Piety Towards the Universe

Piety Towards the Universe
StreetlightX
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#11 - Quote - Permalink
Posted Jan 12, 2012 - 5:22 PM:

William Connolly has some very elegant writings on what he calls a "nontheistic reverence for life" which I deeply admire and perhaps accords nicely with what you're trying to get at:

"One is implicated ethically with others, first, through sharing an identity with some of them, second, through the stirrings of unpursued possibilities in oneself that exceed one's identity, and third, through engagement with pressures to resent obdurate features of the human condition. Reflection on these connections can also encourage one to reflect on how life overflows the boundaries of identity. You could not be what you are unless some possibilities of life had been forgone ("to do is to forgo"). And you now depend upon the difference of the other for your identity. Recognition of these conditions of strife and interdependence... can flow into an ethic in which adversaries are respected and maintained in a mode of agonistic mutuality, an ethic in which alter-identities foster agonistic respect for the differences that constitute them, an ethic of care for life...

...Nontheistic reverence for existence redraws the line between secularism and religion by refusing either to eliminate reverence or to bind the element of reverence to theism. Such an ethic has reverence for life because life is never exhausted by any particular identity installed in it. Its reverence is sustained through its nontheism...

...To embrace publicly a nontheistic source of ethical inspiration without claiming universality for it is to support an active pluralization of ethical sources in public life. It is to propel another source into public and political life without claiming that everyone must affirm it. It is thus to break both with a secularism that seeks to confine faith to the private realm and with a theo-centered vision that seeks to unite people behind one true faith. It is to bind ethico-political life to negotiations and settlements between chastened partisans more than to common confession of a universal faith or a consensus forged by the putative power of the better argument. The idea is to attend to the persistence of multiple ethical sources in political life while dramatizing the comparative contestability of the candidates, and to work on ourselves and others to affirm, without existential resentment, the contestability of each in the eyes of others." (Connolly, Identity\Difference: Democratic Negotiations of Political Paradox)
Legion
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#12 - Quote - Permalink
Posted Jan 12, 2012 - 6:27 PM:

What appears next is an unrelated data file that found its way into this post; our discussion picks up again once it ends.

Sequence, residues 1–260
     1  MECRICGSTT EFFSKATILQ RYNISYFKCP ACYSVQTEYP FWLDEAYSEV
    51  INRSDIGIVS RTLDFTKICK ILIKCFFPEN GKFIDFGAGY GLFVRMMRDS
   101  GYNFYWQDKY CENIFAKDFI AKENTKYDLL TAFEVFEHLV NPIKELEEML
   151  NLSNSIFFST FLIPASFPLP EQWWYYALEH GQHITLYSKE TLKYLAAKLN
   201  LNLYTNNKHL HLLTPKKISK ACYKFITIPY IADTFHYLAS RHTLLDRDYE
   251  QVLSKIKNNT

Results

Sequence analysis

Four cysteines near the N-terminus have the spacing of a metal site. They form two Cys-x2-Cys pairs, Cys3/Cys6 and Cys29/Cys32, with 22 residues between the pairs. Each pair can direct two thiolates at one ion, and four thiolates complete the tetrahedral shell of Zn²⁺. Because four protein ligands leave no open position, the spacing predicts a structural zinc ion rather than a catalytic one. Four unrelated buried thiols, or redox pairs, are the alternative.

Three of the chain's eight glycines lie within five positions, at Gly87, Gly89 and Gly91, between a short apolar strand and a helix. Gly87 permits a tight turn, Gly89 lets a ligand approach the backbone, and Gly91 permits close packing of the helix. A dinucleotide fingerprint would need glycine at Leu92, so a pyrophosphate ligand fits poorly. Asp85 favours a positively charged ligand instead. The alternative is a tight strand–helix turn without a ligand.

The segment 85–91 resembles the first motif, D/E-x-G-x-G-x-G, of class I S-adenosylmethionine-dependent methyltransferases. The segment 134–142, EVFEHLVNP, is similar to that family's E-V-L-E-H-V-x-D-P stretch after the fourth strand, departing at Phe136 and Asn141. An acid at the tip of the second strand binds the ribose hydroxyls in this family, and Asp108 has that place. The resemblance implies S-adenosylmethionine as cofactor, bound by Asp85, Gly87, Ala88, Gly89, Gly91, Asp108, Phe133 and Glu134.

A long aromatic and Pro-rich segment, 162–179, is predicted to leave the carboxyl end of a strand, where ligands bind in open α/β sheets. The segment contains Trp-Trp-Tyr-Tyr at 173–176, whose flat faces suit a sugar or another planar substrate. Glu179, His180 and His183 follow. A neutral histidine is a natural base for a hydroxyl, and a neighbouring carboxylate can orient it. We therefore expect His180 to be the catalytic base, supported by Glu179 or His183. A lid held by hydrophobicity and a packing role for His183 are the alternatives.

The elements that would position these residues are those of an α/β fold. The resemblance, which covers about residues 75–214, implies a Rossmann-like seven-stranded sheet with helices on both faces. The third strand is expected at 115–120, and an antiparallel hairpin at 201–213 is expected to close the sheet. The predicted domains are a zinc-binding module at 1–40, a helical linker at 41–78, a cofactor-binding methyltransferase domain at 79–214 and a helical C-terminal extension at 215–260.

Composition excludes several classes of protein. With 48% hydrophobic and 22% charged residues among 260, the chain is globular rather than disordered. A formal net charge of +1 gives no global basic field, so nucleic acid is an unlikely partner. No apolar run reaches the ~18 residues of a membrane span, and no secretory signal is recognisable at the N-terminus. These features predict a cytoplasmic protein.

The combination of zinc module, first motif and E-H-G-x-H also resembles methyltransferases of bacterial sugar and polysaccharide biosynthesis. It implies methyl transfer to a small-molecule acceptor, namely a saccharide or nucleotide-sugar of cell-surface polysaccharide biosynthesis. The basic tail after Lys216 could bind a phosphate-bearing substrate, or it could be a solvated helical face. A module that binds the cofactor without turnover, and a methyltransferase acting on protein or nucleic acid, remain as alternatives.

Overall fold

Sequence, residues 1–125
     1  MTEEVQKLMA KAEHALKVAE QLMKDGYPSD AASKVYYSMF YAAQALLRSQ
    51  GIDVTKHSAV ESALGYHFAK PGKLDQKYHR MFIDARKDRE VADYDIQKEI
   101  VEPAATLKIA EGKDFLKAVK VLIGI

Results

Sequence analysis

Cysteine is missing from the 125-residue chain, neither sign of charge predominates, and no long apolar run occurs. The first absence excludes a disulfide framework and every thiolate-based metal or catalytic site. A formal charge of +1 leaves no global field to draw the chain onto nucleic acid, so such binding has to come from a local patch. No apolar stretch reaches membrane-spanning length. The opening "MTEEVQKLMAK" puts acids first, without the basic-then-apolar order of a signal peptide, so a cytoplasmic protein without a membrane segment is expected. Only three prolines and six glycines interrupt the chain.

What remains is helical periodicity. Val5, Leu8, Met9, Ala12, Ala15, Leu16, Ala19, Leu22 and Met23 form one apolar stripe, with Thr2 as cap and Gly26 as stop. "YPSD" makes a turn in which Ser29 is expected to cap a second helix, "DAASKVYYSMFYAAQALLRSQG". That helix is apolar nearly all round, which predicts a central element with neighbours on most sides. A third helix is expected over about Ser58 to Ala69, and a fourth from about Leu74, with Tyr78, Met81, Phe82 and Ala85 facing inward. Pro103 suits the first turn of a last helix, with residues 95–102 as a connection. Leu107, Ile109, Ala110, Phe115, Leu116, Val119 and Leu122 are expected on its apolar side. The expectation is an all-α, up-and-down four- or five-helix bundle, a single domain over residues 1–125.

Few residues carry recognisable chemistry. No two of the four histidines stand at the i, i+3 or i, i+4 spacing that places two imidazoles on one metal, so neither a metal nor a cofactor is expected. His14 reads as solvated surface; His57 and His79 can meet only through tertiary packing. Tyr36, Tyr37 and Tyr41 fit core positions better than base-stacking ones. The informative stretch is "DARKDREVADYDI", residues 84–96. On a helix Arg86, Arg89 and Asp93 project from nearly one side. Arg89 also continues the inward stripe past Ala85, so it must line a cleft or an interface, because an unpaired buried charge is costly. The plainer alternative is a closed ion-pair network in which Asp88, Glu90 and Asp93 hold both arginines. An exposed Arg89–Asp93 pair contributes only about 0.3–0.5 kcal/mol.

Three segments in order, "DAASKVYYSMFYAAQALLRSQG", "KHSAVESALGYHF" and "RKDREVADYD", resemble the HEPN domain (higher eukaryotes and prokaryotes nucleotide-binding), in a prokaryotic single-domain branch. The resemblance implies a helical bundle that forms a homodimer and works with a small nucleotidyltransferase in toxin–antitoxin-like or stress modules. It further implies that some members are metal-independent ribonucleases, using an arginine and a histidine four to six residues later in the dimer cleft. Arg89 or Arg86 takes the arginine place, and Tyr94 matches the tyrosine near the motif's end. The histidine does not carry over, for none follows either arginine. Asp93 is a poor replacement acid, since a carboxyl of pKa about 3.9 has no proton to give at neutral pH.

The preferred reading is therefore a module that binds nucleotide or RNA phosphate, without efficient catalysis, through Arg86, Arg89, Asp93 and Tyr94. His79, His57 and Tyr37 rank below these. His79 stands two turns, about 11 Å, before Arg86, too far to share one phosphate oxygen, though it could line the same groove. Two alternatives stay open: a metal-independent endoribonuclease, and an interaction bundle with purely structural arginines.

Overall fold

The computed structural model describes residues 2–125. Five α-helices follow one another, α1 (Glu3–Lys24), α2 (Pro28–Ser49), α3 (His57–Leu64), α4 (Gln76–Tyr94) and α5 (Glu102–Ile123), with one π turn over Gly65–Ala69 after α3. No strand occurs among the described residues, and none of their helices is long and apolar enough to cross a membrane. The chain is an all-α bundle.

Here are the facts as I see them. The natural world is complex and mysterious beyond our ability to fathom. And no where is this more manifest than with organisms. Piety is shown by asking bold questions of the universe, and humbly seeking the answers. Reverence is shown through meditation upon what the universe is telling me. I fulfill my purpose of consciousness by being one of the consciousnesses of the universe. I look at a mere photo of a Thai man taken by my roomate. I could stare at it for a long while. Life and vast implication.

Take me.
I am undone.
Tears of gratitude.
Solemn acknowledgement
of death and impermanance.
Of joy for the gift
of experience
and the pain that
makes it real
love, love
I cry out to you
I have tasted victory
thank you


Edited by Legion on Jan 12, 2012 - 6:34 PM
Mr. Natural
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#13 - Quote - Permalink
Posted Jan 12, 2012 - 6:39 PM:

ciceronianus wrote:
...is it possible for an atheist to feel piety towards or reverence towards the universe?


Like so many discussions in philosophy the question hinges on your definition of the word.

I assume your moniker - Ciceronianus - owes its origin to the Roman senator and orator, Cicero. Cicero defined pietas (the Latin origin of the word) as the virtue "which admonishes us to do our duty to our country or our parents or other blood relations."

The Roman goddess, Pietas, was a mother god, so in this sense of the word one could extend duty beyond allegiance to country and family to include the universe, viewing it as the ultimate parent of all living things.

The Romans also understood the word to have a religious context - reverence toward the gods - which is how the word is most often used today. In Catholicism piety is one of the seven gifts of the holy spirit. In this sense of the word it is difficult to see how atheists can feel piety for the universe without slipping into a Spinoza-like pantheism.

How are you using the term in your question?
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#14 - Quote - Permalink
Posted Jan 12, 2012 - 7:31 PM:

I can imagine it to be a hard thing to give reverence to an object not intellectually endowed with the attribute of being, or consciousness. If one has faith(or logic) that the universe is itself conscious, then admiration of ones sacred environment is quite effortless, as long as the co-creator chooses to emphasize the beauty of life.
ciceronianus
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#15 - Quote - Permalink